Clinical examinations are subjective and often show a low validity and reliability. Objective and highly reliable quantitative assessments are available in laboratory settings using 3D motion analysis, but these systems are too expensive to use for simple clinical examinations. Qinematic™ is an interactive movement analyses system based on the Kinect camera and is an easy-to-use clinical measurement system for assessing posture, balance and side-bending. The aim of the study was to test the test-retest the reliability and construct validity of Qinematic™ in a healthy population, and to calculate the minimal clinical differences for the variables of interest. A further aim was to identify the discriminative validity of Qinematic™ in people with low-back pain (LBP).
We performed a test-retest reliability study (n = 37) with around 1 week between the occasions, a construct validity study (n = 30) in which Qinematic™ was tested against a 3D motion capture system, and a discriminative validity study, in which a group of people with LBP (n = 20) was compared to healthy controls (n = 17). We tested a large range of psychometric properties of 18 variables in three sections: posture (head and pelvic position, weight distribution), balance (sway area and velocity in single- and double-leg stance), and side-bending.
The majority of the variables in the posture and balance sections, showed poor/fair reliability (ICC < 0.4) and poor/fair validity (Spearman <0.4), with significant differences between occasions, between Qinematic™ and the 3D–motion capture system. In the clinical study, Qinematic™ did not differ between people with LPB and healthy for these variables. For one variable, side-bending to the left, there was excellent reliability (ICC =0.898), excellent validity (r = 0.943), and Qinematic™ could differentiate between LPB and healthy individuals (p = 0.012).
This paper shows that a novel software program (Qinematic™) based on the Kinect camera for measuring balance, posture and side-bending has poor psychometric properties, indicating that the variables on balance and posture should not be used for monitoring individual changes over time or in research. Future research on the dynamic tasks of Qinematic™ is warranted.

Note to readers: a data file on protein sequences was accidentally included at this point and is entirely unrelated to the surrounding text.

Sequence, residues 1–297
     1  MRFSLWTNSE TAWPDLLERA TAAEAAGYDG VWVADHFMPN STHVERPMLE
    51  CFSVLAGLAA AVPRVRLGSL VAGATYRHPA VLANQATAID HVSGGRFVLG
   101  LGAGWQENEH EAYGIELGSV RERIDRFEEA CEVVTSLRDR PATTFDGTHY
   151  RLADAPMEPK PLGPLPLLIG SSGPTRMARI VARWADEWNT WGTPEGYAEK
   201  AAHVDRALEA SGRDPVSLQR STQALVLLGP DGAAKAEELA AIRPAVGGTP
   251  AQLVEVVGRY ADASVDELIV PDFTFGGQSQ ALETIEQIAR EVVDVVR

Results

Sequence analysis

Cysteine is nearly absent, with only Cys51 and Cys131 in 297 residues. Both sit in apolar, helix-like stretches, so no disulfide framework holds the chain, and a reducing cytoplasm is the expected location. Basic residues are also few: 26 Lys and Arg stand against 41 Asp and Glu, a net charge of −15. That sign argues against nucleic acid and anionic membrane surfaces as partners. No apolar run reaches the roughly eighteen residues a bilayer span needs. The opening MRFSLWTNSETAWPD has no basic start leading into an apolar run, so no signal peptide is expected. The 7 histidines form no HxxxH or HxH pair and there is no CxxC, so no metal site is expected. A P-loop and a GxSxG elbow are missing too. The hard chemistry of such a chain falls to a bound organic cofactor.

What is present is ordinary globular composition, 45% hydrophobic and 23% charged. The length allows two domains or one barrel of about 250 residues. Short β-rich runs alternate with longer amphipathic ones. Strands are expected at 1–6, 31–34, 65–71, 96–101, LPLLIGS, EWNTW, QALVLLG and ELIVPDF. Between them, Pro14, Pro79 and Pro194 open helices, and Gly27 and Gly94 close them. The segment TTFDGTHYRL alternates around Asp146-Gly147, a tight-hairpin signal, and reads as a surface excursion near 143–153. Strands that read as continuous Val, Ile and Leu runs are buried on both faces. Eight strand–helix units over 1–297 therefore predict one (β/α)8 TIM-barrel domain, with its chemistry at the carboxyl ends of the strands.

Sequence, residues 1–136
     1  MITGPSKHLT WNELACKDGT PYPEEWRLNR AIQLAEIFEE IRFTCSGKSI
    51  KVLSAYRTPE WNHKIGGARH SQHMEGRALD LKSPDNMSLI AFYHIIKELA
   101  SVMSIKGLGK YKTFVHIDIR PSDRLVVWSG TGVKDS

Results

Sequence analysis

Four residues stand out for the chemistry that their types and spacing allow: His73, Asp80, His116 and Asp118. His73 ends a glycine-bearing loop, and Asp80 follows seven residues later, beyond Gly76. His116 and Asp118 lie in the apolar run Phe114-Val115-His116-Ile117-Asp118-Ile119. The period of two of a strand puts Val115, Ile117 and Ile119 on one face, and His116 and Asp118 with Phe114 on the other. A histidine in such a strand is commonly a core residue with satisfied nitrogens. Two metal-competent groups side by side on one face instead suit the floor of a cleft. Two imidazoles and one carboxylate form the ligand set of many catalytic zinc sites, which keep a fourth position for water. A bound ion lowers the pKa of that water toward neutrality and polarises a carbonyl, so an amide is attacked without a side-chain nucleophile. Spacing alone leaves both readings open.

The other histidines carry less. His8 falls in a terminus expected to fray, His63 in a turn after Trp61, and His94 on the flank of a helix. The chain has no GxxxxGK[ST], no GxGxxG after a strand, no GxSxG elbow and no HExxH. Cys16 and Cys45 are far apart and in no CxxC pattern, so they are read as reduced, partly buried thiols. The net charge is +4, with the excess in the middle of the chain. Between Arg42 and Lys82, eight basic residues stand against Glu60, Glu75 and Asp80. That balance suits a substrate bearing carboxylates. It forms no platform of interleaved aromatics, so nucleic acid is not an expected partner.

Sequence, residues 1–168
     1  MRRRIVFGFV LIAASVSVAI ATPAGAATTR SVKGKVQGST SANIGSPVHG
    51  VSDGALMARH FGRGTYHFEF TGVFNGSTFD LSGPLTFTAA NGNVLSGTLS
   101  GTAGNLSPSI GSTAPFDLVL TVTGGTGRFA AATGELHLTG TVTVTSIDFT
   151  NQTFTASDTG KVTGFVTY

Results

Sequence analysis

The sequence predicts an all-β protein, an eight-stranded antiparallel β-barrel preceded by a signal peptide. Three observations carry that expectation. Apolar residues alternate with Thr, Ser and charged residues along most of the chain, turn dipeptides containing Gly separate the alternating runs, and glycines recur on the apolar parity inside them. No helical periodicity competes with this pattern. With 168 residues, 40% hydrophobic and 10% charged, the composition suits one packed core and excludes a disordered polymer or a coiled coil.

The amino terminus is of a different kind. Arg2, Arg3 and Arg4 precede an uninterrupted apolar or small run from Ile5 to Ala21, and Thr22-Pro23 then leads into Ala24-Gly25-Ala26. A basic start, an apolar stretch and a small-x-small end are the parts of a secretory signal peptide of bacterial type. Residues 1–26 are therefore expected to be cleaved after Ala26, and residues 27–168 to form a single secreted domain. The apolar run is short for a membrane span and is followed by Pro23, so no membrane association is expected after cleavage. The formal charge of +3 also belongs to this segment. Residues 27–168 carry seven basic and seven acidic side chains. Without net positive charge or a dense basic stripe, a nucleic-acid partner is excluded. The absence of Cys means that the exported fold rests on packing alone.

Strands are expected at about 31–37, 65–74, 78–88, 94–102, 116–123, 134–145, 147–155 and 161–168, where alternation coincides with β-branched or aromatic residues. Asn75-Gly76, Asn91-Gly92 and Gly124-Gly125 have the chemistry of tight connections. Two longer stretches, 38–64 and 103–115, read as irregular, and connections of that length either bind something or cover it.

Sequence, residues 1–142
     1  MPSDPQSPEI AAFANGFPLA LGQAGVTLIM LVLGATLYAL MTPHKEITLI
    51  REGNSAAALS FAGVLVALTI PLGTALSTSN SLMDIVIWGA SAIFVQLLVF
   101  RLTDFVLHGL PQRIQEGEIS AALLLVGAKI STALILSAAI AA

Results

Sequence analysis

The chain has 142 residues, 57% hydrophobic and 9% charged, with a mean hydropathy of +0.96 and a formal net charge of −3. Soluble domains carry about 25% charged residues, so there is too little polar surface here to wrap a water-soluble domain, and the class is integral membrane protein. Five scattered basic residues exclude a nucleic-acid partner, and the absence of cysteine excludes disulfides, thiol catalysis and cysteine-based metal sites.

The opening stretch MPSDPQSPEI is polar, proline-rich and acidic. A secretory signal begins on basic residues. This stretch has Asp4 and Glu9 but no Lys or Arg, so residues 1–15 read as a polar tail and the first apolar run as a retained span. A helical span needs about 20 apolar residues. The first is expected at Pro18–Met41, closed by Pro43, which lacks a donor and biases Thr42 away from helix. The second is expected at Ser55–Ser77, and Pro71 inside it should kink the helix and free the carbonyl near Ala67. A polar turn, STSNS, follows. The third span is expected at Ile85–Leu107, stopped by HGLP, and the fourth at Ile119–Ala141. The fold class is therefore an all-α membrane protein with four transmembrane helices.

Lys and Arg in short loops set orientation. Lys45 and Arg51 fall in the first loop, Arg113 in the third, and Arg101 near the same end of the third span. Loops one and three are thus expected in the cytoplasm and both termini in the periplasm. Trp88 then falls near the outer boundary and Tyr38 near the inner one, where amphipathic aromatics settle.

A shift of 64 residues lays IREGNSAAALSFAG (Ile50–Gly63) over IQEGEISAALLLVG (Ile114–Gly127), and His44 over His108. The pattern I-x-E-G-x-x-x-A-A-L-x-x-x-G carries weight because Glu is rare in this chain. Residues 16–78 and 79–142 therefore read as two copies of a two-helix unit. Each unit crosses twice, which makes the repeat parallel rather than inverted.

Gadotti IC, Armijo-Olivo S, Silveira A, Magee D. Reliability of the craniocervical posture assessment: visual and angular measurements using photographs and radiographs. J Manip Physiol Ther. 2013;36(9):619–25. CrossRef
Granstrom H, Ang BO, Rasmussen-Barr E. Movement control tests for the lumbopelvic complex. Are these tests reliable and valid? Physiother Theor Pr. 2017;33(5):386–97. CrossRef
Yang Y, Pu F, Li Y, Li SY, Fan YB, Li DY. Reliability and validity of Kinect RGB-D sensor for assessing standing balance. IEEE Sensors J. 2014;14(5):1633–8. CrossRef
Microsoft. Kinect hardware 2018 [cited 2018 Accesssed 5 Jan]. Available from: https://developer.microsoft.com/en-us/windows/kinect/hardware.
Qinematic. 2018 [cited 2018 5 Jan]. Available from: http://Qinematic.com/.
Mokkink LB, Prinsen CA, Bouter LM, Vet HC, Terwee CB. The COnsensus-based standards for the selection of health measurement INstruments (COSMIN) and how to select an outcome measurement instrument. Braz J Phys Ther. 2016;20(2):105–13.
Shrout P, Fleiss J. Intraclass correlations: uses in assessing rater reliability. Psych Bul. 1979;86:420–8. CrossRef
Altman DG. Practical statistics for medical research. London: Chapman and Hall; 1991.
Clark RA, Pua YH, Fortin K, Ritchie C, Webster KE, Denehy L, et al. Validity of the Microsoft Kinect for assessment of postural control. Gait Posture. 2012;36(3):372–7.
Clark RA, Pua YH, Oliveira CC, Bower KJ, Thilarajah S, Mcgaw R, et al. Reliability and concurrent validity of the Microsoft Xbox one Kinect for assessment of standing balance and postural control. Gait Posture. 2015;42(2):210–3.
Gill J, Allum JH, Carpenter MG, Held-Ziolkowska M, Adkin AL, Honegger F, et al. Trunk sway measures of postural stability during clinical balance tests: effects of age. J Gerontol A Biol Sci Med Sci. 2001;56(7):M438–47.
Ruhe A, Fejer R, Walker B. The test-retest reliability of centre of pressure measures in bipedal static task conditions - a systematic review of the literature. Gait Posture. 2010;32(4):436–45.
Hodges PW, Moseley GL. Pain and motor control of the lumbopelvic region: effect and possible mechanisms. J Electromyogr Kines. 2003;13(4):361–70. CrossRef
Mokkink LB, Terwee CB, Patrick DL, Alonso J, Stratford PW, Knol DL, et al. The COSMIN checklist for assessing the methodological quality of studies on measurement properties of health status measurement instruments: an international Delphi study. Qual Life Res. 2010;19(4):539–49.
- Reliability and validity of a novel Kinect-based software program for measuring posture, balance and side-bending
Wilhelmus Johannes Andreas Grooten
- BioMed Central
Neu im Fachgebiet Orthopädie und Unfallchirurgie
e.Med Kampagnen-Visual, Mail Icon II